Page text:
Kerridge is a product of the dance floor. He manipulates tension like a techno producer, switching up rhythms with wonderful sleights of hand. The dread sonics of jungle echo nightmarishly in his music. Though hugely rhythmic and best experienced at immense volume in a dark club, his sluggish sound isn't meant to make you dance. The beats are just one textural component amid pivoting plains of noise and sizzling plateaus of distortion, elements that Kerridge cleverly manipulates to create surprisingly hooky riffs and melodies. Pierce the rough surface on "Death Is Upon Us," the tribal "Straight To Hell" or the almost jaunty "Heavy Metal" and you will find all manner of slow-moving melodies within: great bulkheads of sound shifted up or down an octave, lumbering doom-metal riffs, spectral hypnotic patterns.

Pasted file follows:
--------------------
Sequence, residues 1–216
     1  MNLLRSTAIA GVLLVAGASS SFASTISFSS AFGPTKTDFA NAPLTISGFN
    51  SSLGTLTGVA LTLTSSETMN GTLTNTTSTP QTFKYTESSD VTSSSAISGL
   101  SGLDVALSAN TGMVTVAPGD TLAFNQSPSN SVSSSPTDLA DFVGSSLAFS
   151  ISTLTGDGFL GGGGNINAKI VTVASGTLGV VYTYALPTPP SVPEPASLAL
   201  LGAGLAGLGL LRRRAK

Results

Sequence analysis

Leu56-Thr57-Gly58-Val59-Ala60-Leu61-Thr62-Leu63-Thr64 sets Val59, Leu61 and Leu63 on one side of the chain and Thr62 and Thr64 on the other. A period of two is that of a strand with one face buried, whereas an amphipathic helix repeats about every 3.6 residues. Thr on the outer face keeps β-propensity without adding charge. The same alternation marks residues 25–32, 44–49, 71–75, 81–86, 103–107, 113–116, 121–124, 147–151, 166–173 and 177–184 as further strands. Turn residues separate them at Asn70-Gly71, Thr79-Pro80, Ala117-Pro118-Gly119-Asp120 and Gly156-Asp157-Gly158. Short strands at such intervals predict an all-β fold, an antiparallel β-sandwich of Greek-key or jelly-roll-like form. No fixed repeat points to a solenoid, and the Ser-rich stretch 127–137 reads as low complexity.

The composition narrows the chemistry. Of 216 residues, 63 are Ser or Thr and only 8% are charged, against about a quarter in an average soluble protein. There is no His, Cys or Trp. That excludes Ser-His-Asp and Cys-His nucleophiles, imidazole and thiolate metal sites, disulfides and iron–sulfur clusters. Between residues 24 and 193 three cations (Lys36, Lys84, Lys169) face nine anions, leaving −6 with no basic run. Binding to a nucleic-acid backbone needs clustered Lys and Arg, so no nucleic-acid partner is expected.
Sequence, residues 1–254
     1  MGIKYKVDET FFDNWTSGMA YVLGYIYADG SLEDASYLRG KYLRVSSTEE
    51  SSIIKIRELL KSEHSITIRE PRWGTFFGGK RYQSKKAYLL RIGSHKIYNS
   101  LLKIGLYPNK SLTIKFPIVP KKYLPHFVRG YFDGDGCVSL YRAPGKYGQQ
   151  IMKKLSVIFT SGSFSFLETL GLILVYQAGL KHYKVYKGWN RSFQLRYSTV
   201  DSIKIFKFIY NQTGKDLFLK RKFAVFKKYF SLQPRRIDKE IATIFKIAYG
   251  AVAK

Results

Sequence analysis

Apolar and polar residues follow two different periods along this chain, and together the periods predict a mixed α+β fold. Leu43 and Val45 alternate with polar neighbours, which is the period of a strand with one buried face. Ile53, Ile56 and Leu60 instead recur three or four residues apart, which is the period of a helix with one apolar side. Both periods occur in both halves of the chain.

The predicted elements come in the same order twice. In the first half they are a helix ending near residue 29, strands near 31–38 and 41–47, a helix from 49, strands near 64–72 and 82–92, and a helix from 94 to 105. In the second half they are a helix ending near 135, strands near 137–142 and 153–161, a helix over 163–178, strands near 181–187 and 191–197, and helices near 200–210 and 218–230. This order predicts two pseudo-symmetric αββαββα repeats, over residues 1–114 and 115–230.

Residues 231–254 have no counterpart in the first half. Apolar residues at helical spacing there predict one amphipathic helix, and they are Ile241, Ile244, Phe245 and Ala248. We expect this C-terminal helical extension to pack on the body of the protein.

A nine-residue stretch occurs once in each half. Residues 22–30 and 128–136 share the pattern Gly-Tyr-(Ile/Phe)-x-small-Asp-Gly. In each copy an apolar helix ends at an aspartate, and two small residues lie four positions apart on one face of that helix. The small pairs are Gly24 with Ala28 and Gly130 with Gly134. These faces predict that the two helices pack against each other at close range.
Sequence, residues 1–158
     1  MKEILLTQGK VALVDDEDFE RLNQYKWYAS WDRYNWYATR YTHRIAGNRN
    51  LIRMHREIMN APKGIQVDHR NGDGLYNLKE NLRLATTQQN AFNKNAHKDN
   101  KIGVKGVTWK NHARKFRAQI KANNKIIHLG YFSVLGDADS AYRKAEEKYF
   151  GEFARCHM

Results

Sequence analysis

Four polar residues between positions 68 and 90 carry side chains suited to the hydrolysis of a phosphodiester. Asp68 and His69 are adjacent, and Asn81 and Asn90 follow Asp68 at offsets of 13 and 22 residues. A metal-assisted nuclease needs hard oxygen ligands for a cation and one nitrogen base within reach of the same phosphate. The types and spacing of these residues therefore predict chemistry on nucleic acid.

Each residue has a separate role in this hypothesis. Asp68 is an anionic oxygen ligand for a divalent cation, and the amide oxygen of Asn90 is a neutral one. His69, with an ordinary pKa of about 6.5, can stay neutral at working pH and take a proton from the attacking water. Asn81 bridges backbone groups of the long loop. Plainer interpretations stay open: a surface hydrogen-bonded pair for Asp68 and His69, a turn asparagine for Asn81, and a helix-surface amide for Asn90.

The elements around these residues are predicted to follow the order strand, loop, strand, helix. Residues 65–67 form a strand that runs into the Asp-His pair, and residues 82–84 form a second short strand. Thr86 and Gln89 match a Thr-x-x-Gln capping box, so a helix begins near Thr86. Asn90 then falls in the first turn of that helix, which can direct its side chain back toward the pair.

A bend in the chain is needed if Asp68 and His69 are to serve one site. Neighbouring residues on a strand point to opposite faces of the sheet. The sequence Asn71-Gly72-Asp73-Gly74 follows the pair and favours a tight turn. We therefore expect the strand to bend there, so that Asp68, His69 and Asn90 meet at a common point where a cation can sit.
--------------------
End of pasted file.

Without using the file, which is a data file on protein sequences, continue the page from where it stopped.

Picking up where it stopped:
This readiness to acknowledge human warmth differentiates Kerridge from much of the noise electronics axis. This is not purely violent, visceral music; it's a primeval howl of existential despair, one that, even at its most brutal, is multilayered and vulnerable. "Disgust" is rhythmically angry, but its jackhammer beat is wrapped in fuzzy blurts and descending drones that sound exhausted to the point of derangement. "Black Sun" collapses into terrified noise, but—like A Fallen Empire as a whole—the effect is enigmatic and haunting, disturbing rather than confrontational. This is a sonic maelstrom with an eternal sadness at its heart. If you can give yourself over to it, it offers profound catharsis.